There was one thing going through the mind of Paradise Unified School District Superintendent Michelle John on the morning of the Camp Fire, “Get these kids and staff off the ridge safely.”
“Communications broke down throughout the town, but our busses immediately got the kids, and cell phones were used to call parents to get these kids off the ridge as soon as we could – every single child,” she said.
It has been just over five months since the Camp Fire burned through the town of Paradise on Nov. 8, 2018. Although most of the town was burnt to the ground, multiple school buildings survived the blaze with minimal damage.
However, the displacement of students and staff forced some to take their education elsewhere, like Paradise High School student Danielle Wagner.
“I started school at Davis High School in January, but it only took me five days to realize that it was not for me,” she said.
Wagner said that she signed a lease at The Post on Nord so that way she could move back and continue school here with her classmates.
“I missed my friends, they were the only normalcy I had left. Nothing would ever be as good as Paradise,” she said.
Hazardous air conditions forced all Butte County schools, including Chico State, to close down for two weeks to keep students and faculty safe. During that time, PUSD was hard at work figuring out how to keep education going for their students.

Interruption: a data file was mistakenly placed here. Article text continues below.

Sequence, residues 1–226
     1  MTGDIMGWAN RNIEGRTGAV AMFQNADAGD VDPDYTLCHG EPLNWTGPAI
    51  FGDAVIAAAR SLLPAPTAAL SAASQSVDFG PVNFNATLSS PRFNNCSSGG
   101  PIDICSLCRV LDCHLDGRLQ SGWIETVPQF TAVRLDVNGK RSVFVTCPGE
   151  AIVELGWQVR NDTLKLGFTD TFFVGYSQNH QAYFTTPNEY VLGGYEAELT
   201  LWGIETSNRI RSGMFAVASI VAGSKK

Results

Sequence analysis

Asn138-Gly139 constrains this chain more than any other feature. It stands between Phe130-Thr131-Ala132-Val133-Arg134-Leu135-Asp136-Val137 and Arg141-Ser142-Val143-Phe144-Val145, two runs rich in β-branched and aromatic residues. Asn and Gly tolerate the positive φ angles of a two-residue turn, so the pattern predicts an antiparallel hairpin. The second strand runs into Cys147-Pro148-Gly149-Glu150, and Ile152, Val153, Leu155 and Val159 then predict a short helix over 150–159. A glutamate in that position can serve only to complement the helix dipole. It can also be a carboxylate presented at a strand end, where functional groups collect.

John said the biggest challenges were figuring out where the students and staff are and finding facilities to use.
Independent study classes were coordinated from the Chico Mall until the end of the school semester on Dec. 19, 2018. Now, Paradise schools are continuing in facilities all over Butte County.
John said that donations of backpacks, pencils, crayons, notebooks and more had been coming in from all over the world, and after around two weeks, students were ready to get back into classrooms.
Paradise High School
PHS currently is using a building on Fortress Avenue in Chico close to the airport.
The two-story building is divided into sections using room-dividers, which gives PHS the ability to use the entire building for all school purposes.
John said that since the building is not approved by the Department of School Architecture, it was difficult to get the permits to use the facility.
John said they recently just lost their principal, Loren Lighthall, who had to move elsewhere because he could not find a place for him and his family to live.
“Someone special is coming out of retirement for me,” referring to Jeff Marcus, who will be returning as interim principal to replace Lighthall, after retiring at the end of the 2015 school year.
PHS’s original campus on Maxwell Drive is still in great shape and is going to re-open next year to serve as a school for seventh to 12th grades. Sharrett said that they hoped to have the campus ready for graduation ceremonies this coming June.
Paradise Intermediate School
With the help of Lowe’s Home Improvement, PINT is currently using the old Orchard Supply Hardware building on East Avenue in Chico.